[Edited at 2006-01-10 22:27]


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gad
United States
Local time: 11:16
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French to English
That makes sense for an individual question but Jan 11, 2006

GoodWords wrote:

My second-language skills in my non-native language are stronger in a passive mode (understanding) than in an active mode (creating). Therefore, sometimes when a query term is in my native language, I readily recognize that an answerer has understood the term wrongly, but I am unable to compose a correct answer and must leave it to those whose composition skills in the target language (my second language) are better than mine.


I understand that, but I was also referring to someone who chooses to "disagree" as a habit. If it's a chronic thing, and if that person REALLY is in the situation you mentioned, then I would also think that person can "agree" AT LEAST as often, if not more often. Does such a person think that MOST of the answers given on this site are SO wrong, that they merit the "disagree"? And if that is the case, then why would this person frequent the site?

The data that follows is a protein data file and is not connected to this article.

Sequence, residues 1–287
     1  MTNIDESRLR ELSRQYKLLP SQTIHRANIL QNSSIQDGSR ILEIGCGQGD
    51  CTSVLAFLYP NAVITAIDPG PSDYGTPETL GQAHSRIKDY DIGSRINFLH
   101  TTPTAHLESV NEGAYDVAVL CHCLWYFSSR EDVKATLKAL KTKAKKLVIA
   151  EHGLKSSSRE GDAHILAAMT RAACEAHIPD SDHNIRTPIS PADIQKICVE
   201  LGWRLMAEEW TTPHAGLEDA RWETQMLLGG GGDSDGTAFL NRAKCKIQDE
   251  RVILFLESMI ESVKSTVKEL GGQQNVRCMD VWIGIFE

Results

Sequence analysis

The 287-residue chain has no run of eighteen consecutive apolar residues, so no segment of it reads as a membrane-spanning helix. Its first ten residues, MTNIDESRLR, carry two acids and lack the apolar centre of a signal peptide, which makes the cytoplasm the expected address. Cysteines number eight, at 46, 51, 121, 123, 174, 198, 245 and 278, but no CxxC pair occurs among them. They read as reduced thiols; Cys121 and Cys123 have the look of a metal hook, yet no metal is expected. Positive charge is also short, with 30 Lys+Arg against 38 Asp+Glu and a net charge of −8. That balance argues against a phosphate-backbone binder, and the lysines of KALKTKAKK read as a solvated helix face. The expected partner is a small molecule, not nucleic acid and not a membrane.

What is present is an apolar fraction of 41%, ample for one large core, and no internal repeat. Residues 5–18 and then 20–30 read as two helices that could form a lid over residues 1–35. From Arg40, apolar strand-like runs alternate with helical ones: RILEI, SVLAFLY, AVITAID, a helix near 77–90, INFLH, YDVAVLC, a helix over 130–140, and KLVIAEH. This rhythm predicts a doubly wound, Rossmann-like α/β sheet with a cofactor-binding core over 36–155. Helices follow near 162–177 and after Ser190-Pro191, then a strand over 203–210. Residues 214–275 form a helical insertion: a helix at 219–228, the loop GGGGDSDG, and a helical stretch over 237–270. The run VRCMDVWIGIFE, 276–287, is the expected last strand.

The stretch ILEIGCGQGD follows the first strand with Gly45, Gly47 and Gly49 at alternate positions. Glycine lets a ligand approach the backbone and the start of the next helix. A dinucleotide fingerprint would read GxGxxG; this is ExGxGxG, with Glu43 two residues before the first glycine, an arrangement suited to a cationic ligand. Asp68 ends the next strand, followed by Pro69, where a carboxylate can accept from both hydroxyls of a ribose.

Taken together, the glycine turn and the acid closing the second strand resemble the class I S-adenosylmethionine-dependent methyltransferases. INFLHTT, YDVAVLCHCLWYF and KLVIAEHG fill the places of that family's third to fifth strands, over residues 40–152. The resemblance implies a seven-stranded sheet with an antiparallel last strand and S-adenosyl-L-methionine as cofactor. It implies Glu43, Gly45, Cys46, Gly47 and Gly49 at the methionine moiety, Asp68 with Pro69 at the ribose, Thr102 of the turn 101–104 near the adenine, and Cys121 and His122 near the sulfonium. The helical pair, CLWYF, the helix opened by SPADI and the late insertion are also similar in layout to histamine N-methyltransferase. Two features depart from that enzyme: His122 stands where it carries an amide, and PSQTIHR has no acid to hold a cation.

While it is true that in SOME cases, a person might have good reason to "disagree" without posting an alternative answer, I think this practice is not really that constructive, particularly when it is SUCH a habit that it is chronic.

[Edited at 2006-01-11 02:38]


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RHELLER
United States
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French to English
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follow proz rules please Jan 14, 2006

Thank you, GoodWords for linking to previous discussion in which Walter Landesman cites the rules (see below).

To moderators: why aren't you enforcing these rules? IMO, it would be better to have less rules than have arbitrary enforcement.

"I also suggest you to read KudoZ rules carefully for more information. Just in case, I am posting below some excerpts. I hope you find them useful."

"4.2 If you answer KudoZ questions, be prepared for colleagues to comment both positively and negatively on your terminology. Do not take it personally5.1 - Agrees and disagrees should be based solely on linguistic evaluation of answers provided
5.3 - To disagree, one must enter linguistic justification. Personal comments are strictly prohibit."

Walter Landesman